Lord of the Flies Book Summary -William Golding

Lord Of The Flies Book Summary -William Golding
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Lord of the Flies is an allegorical novel written in 1954 by Nobel Prize winning English novelist and poet William Golding.

Summary of Lord of the Flies

In the midst of a war, a plane evacuating a group of schoolboys from England crashes on a deserted tropical island. Two boys, Ralph and Piggy, find a conch shell on the beach and Piggy realizes it can be used as a horn to summon the other boys. Once assembled, the boys decide to elect a leader and devise a plan for rescue. They choose Ralph as their leader, and Ralph appoints another boy, Jack, to be in charge of the boys who will hunt for food.

Ralph, Jack, and another boy named Simon go on an exploratory expedition of the island. When they return, Ralph insists that they must build a signal fire to attract passing ships. The boys use Piggy’s glasses to focus sunlight and ignite some dead wood. However, they are more interested in playing than in monitoring the fire, and the flames quickly spread through the forest. One of the youngest boys disappears, presumably having burned to death.

Initially, the boys enjoy their life without adults and spend much of their time splashing in the water and playing games. Ralph, however, stresses the importance of maintaining the signal fire and building shelters. The hunters fail to catch a wild pig, but their leader Jack becomes increasingly preoccupied with the act of hunting.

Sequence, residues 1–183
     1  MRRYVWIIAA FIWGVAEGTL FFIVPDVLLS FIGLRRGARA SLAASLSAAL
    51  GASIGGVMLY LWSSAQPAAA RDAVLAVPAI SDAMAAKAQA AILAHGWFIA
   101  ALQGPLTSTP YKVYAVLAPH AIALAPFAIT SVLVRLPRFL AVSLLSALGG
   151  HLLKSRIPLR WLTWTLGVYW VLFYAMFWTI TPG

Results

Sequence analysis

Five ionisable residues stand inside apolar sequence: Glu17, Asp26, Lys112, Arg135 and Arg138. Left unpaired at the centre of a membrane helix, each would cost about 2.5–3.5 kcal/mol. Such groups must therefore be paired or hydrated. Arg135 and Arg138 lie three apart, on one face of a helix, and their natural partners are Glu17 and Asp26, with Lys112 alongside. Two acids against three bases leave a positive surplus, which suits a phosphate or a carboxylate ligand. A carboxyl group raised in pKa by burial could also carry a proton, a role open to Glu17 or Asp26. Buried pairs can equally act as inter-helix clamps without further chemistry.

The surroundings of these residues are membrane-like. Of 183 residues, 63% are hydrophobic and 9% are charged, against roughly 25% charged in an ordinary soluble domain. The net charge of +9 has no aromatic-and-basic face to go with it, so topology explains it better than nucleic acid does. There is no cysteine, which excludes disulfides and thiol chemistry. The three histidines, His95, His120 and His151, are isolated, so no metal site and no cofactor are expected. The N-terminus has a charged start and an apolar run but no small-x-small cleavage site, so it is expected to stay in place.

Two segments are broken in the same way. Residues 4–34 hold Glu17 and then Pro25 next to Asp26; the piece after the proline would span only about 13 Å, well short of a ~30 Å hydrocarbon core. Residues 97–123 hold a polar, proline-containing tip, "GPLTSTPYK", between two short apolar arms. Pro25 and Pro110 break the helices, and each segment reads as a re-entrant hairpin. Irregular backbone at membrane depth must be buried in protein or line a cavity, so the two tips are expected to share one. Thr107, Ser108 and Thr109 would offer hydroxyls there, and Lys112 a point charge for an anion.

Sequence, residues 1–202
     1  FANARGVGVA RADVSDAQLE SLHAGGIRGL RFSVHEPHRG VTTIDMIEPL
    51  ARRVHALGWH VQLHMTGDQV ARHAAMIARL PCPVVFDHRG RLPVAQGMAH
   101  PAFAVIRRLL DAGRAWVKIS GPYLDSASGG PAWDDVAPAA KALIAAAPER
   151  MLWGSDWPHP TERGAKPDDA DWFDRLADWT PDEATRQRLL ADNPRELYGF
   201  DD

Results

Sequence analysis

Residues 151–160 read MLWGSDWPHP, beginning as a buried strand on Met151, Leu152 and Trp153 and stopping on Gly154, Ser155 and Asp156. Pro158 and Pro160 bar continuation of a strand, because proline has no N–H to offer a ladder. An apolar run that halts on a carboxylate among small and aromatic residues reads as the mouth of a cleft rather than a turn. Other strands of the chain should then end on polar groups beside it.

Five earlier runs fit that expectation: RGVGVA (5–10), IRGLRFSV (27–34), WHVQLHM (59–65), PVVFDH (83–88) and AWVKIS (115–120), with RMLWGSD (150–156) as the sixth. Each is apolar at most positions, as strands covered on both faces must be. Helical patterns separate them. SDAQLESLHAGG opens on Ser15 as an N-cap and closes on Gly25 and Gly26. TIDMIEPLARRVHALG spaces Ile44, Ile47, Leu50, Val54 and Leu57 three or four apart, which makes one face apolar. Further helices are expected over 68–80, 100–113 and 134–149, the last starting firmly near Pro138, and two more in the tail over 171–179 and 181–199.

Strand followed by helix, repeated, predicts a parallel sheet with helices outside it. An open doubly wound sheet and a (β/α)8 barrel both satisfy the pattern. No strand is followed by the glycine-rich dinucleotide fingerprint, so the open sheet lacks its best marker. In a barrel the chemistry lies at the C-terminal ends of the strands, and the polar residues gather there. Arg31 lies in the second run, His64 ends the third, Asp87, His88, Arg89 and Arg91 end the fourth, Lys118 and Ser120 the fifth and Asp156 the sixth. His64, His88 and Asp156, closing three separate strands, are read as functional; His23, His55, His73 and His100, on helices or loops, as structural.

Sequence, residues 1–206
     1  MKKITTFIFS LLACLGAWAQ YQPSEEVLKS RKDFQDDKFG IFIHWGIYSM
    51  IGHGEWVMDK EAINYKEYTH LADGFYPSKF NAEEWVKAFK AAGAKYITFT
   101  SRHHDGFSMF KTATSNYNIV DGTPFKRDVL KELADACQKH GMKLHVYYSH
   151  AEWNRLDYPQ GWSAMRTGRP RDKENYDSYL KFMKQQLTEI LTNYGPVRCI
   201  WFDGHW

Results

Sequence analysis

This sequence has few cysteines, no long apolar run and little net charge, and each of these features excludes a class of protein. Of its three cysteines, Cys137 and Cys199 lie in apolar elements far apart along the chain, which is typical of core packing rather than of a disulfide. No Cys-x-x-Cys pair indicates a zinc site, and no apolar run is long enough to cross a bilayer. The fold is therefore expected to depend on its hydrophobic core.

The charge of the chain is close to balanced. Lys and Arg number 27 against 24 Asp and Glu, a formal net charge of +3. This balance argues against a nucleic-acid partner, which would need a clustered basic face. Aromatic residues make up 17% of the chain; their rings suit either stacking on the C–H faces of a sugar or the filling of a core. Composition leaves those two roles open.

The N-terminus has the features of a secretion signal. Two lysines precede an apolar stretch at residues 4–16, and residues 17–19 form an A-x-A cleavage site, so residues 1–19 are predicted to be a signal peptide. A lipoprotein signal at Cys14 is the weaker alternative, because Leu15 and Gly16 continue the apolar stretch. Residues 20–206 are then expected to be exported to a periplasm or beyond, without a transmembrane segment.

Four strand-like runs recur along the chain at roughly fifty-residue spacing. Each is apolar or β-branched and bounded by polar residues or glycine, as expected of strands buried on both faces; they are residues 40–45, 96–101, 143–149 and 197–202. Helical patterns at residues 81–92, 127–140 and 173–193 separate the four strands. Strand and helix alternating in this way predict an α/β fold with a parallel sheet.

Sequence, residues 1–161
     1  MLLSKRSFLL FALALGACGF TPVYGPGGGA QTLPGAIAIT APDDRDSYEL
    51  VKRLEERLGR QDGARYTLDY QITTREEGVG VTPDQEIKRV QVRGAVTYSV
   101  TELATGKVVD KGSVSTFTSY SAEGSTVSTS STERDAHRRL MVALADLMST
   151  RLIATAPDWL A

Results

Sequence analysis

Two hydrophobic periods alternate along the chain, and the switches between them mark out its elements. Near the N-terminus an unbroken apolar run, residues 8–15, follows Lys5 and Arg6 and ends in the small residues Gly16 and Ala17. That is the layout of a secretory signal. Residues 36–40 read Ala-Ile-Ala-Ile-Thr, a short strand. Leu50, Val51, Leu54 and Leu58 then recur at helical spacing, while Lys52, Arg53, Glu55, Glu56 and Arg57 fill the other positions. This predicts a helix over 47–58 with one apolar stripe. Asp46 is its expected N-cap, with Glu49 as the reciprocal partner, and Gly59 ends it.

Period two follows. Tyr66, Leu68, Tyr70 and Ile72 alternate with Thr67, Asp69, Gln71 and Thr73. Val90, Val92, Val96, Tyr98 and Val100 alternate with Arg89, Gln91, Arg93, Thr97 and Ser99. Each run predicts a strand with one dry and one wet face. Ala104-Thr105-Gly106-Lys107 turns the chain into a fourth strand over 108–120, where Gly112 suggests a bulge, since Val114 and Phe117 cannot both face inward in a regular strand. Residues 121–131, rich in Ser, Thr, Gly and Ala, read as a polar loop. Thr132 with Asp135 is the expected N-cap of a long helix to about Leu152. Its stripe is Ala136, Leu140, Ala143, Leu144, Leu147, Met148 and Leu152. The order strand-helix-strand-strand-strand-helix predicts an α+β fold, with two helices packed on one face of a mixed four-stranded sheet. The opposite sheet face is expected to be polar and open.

One day, as a ship passes by on the horizon, Ralph and Piggy realize that the signal fire—now the hunters’ responsibility—has burned out. Furious, Ralph confronts Jack, but the hunters have just returned with their first kill, and all the boys are caught up in the excitement of reenacting the chase in a ritual dance. Piggy criticizes Jack, who then hits Piggy, breaking one of the lenses of his glasses. Ralph blows the conch shell to call an assembly in an attempt to restore order.

At the meeting, it becomes clear that some of the boys have started to become afraid. The younger boys, known as “littluns,” have been troubled by nightmares from the beginning, and more of the boys now believe that there is some kind of beast or monster lurking on the island. The older boys try to reassure the others by reasoning that a monster could not possibly exist, but one of the littluns suggests that it hides in the sea—an idea that terrifies the entire group.

Not long after the meeting, military planes engage in a battle high above the island. The boys, sleeping below, do not notice the flashing lights and explosions in the clouds. A dead parachutist drifts down from the sky, landing on the mountain, next to the signal fire. The twins Sam and Eric, who were on fire duty, had fallen asleep. They wake up and see the enormous silhouette of his parachute and hear the strange flapping noises it makes. Thinking the beast is real, they rush back to the camp in terror and report that the beast has attacked them.